LocalHow Google Pigeon Impacted Local Queries, and What You Can Do

How Google Pigeon Impacted Local Queries, and What You Can Do

Since Google's local algorithm update, "Pigeon," took effect in July, local businesses have been scrambling to adjust.

Google’s local algorithm update, “Pigeon,” took flight around July 24, 2014, affecting U.S. English queries. Local businesses have been scrambling to adjust, as some deal with the fact that they’re no longer showing in the seven-pack local results at all.

Indeed, some are referring to Pigeon as the biggest Google update to the local search results since the Venice update in 2012. Google said the latest update would make local search more closely mimic traditional organic rankings.

Early reports showed consistent feedback that specific queries and sectors had been impacted, like real estate, and that directories were now being favored in the results above local businesses (possibly due to the authority of a directory site like Yelp over a local business’s site).

And while the latest local algorithm update fixes the problem for Yelp, many businesses have experienced a loss from Pigeon. New data coming from BrightEdge’s Data Cube analysis reveals more about what businesses have been impacted – both positively and negatively – since late July.

Who Benefitted From the Pigeon Update?

Not everyone complained after the latest local algorithm update. As previously mentioned, directories seemed to get a boost, and, so did certain queries. The latest analysis using BrightEdge’s massive data set from June to August shows an uptick in the results for queries related to the following:

  • Hospitality (28 percent growth in Google Places results)
  • Food (19 percent growth in the Google Places results)
  • Education (13 percent growth in the Google Places results)

Additional wins occurred in smaller percentages for queries related to:

  • Spa +4.64 percent
  • Shop +4.32 percent
  • Law +3.55 percent
  • Medical +1.83 percent
  • Transportation +1.31 percent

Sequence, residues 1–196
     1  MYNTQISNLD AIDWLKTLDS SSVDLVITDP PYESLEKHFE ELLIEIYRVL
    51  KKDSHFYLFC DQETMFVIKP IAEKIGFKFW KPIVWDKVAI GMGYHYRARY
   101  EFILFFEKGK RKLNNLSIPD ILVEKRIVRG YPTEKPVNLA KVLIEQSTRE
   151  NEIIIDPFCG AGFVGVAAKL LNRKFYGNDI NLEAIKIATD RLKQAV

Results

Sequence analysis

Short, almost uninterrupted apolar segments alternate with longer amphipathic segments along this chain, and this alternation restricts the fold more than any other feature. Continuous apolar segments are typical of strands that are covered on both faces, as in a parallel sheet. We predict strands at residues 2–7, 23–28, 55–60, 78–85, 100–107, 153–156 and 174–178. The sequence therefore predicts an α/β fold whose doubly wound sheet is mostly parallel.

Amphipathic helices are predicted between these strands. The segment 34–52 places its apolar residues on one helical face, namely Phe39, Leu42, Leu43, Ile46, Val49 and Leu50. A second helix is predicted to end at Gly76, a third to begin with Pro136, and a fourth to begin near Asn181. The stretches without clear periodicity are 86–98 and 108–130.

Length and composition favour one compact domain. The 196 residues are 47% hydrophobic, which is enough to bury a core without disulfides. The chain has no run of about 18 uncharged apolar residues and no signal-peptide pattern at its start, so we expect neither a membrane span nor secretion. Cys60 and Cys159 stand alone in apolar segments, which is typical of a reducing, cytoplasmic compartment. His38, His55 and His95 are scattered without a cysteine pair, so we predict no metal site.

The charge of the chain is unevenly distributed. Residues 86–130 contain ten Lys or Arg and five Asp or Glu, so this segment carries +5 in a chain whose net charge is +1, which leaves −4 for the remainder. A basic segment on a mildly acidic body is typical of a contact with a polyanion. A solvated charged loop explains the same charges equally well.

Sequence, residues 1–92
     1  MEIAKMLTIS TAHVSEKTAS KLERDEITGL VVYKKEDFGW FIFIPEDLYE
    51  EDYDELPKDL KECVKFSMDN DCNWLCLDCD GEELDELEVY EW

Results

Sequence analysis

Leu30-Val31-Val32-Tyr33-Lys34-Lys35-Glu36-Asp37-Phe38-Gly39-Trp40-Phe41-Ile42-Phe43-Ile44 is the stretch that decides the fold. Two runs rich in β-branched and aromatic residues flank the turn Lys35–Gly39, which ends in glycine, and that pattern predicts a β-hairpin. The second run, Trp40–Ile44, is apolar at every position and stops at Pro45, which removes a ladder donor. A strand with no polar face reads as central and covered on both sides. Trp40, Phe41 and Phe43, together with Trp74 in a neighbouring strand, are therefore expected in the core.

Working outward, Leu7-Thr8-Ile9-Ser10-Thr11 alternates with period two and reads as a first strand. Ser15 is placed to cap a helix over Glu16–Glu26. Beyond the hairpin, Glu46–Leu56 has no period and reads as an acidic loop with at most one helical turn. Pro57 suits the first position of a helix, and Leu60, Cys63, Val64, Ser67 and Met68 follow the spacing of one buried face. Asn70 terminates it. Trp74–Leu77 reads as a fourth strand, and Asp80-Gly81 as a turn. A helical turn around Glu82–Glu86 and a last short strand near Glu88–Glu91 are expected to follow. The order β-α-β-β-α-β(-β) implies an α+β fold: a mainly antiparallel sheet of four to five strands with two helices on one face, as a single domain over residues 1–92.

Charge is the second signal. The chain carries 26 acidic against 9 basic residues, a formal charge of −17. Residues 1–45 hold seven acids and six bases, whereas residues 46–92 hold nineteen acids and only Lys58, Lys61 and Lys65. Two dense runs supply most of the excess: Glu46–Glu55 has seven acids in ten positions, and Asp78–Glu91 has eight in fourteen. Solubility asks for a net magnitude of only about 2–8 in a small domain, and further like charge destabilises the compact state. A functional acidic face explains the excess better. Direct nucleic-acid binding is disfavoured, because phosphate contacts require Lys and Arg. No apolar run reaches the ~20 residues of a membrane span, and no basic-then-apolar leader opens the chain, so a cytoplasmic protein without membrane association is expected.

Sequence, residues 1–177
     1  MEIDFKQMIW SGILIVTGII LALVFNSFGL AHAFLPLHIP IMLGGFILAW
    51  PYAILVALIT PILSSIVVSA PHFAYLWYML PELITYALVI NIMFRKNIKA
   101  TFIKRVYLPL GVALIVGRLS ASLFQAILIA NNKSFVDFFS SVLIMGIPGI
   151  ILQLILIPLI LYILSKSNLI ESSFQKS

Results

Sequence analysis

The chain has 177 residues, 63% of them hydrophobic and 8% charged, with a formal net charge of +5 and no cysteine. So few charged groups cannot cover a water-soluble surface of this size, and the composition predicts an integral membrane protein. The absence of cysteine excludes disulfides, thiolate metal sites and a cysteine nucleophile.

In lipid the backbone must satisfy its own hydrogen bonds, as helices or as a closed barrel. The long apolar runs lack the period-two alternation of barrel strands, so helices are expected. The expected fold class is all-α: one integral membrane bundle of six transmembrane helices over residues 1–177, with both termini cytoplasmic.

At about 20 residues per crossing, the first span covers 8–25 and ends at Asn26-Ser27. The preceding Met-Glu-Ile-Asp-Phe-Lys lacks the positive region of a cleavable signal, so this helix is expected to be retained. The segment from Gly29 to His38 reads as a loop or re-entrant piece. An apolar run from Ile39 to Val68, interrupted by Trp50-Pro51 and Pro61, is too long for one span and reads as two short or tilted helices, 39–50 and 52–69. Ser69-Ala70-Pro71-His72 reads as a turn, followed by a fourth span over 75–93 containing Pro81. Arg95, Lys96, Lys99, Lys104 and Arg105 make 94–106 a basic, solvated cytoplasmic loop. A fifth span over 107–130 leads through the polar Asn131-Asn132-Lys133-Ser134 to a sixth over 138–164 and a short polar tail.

• Fitness +1.12 percent

Who Experienced a Loss From the Pigeon Update?

According to the analysis in BrightEdge’s data set, we found queries related to the following topics being the most negatively impacted by Pigeon:

  • Jobs (68 percent decline in Google Places results)
  • Real estate (63 percent decline in the Google Places results)
  • Movies (36 percent decline in the Google Places results)
  • Insurance (11 percent decline in the Google Places results)

Reports across the Web from multiple sources show real estate queries experiencing dire consequences from Pigeon, and as you can see, the BrightEdge data confirms the same.

Other queries related to the following showed somewhat negligible losses:

  • Finance -6.21 percent
  • Furniture -3.34 percent
  • Government -0.07 percent

The following is a table of the findings. Note that some of the queries were difficult to classify in the analysis, so the industry data by row does not add up to “all” data.


What’s Next for Pigeon, and What Should You Do?

Will the results we’re seeing be definitive? Maybe not. Those who are following the algorithm agree: the Pigeon update has not quite settled into its new home.

Many are reporting a constant flux, and in fact, over at the Local Search Forum, Linda Buquet shares her data that suggests Google is testing two to three version of Pigeon’s results.

As we wait and see what the algorithm will do, it’s best not to panic. Continue to focus on the tried-and-true methods of local search that you’re used to. Here are a few things you should consider …


One of the things Google said happened in the Pigeon update was an improved distance and ranking parameters. And indeed, some reports have shown that results are displaying for a much smaller radius. From the SEW report, “Is Google’s Local Algorithm ‘Pigeon’ for the Birds?”:

Over at Blumenthals.com, for one query, it appeared that the “radius of the search has been reduced significantly. The three organic top results were all located in the suburb to the east of the city,” the site said.

So, it may be time to start thinking even more locally, and begin including neighborhood indicators in your local SEO strategy.

Local Carousel Optimization

As outlined in an October 2013 post for SEW, here are some considerations for visibility in Google’s local “carousel” results.

Good Ol’ Fashioned Local SEO

Don’t stop performing the best practices, like:

  • Being listed on Google My Business
  • Being listed in directories like Yelp (especially now that we are seeing a boost for directory listings)
  • Creating a great, local-focused content strategy
  • Utilizing traditional on-page SEO tactics
  • Continuing an engaged social media presence
  • Managing your listings well

Hopefully, your local SEO campaigns have not been affected too badly, but we’re interested in hearing what others are seeing from Pigeon. Please leave your comments below, and also let me know what additional data you might like to see from BrightEdge in the future on this topic.


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